Metro's proposal to raise fares is proving very unpopular. After a series of public hearings and surveys, a large majority of people don't like it and some say they will use Metro less if the price goes up.
Metro's policy is to adjust fares every two years. This year's proposed budget includes increases across the board -- on bus, rail, Metro Access and parking.
And it's not hard to guess how people feel about that.
According to a report from Metro, 72 percent of the public comments at hearings and in writing opposed the fare increases. Only five percent supported it with the rest undecided.
In a survey of more than 6,000 people, one in five said they would significantly decrease how much they ride Metrorail if fares went up by the proposed three to four percent.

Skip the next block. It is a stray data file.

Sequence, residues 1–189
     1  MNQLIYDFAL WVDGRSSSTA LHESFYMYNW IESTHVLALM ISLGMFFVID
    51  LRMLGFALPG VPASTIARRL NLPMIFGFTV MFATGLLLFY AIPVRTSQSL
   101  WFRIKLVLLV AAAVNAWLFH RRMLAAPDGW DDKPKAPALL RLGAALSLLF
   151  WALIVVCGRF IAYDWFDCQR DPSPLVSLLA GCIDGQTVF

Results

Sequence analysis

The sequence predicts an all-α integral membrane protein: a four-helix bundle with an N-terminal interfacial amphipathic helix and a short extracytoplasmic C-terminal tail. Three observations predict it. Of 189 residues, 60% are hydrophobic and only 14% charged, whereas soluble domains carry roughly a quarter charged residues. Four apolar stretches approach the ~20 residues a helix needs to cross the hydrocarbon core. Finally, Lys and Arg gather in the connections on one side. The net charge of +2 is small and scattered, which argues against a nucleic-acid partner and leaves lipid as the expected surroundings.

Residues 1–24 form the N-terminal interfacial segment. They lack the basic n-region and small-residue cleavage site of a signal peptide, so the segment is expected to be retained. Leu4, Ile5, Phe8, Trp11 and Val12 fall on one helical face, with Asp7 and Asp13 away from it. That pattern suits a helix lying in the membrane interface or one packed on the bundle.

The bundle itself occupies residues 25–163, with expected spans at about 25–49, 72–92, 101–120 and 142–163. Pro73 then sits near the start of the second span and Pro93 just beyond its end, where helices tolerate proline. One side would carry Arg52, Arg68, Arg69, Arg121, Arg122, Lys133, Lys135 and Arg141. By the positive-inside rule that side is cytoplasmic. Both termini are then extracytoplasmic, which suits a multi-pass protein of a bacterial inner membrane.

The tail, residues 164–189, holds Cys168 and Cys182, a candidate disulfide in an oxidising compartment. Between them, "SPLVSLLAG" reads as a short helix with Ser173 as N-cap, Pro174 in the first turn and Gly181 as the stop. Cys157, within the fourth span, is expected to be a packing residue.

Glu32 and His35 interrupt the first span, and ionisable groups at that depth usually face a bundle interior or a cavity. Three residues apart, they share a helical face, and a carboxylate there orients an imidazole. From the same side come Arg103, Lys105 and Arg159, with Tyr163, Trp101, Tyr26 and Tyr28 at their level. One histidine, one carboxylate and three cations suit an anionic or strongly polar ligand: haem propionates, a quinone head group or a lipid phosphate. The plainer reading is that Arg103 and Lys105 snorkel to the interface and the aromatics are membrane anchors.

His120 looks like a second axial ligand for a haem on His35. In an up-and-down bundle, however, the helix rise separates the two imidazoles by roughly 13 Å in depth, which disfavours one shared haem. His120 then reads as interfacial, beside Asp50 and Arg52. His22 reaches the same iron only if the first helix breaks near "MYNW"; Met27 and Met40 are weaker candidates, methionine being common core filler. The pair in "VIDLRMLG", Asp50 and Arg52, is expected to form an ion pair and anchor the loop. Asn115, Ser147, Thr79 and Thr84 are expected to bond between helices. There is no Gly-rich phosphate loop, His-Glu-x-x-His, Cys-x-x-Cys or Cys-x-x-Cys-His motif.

On buses, if prices climbed by a proposed quarter to $1.85, nearly one in three said they would use Metrobus less.
A large number of people also felt riders should pay less and the jurisdictions that fund Metro should pay more. They got half their wish.
On Wednesday, Maryland, Virginia and the District announced they would give Metro an additional $75 million.
“We've agreed in principal that the three jurisdictions will each, this year, put up $25 million so we can purchase more high capacity trains on Metro to obviously deal with all the issues with the tremendous growth we have with Metro,” said Va. Gov. Terry McAuliffe.
That money is specifically for the momentum plan and would not impact Metro's proposed fare increase. If the board approves, fares would not go up until July.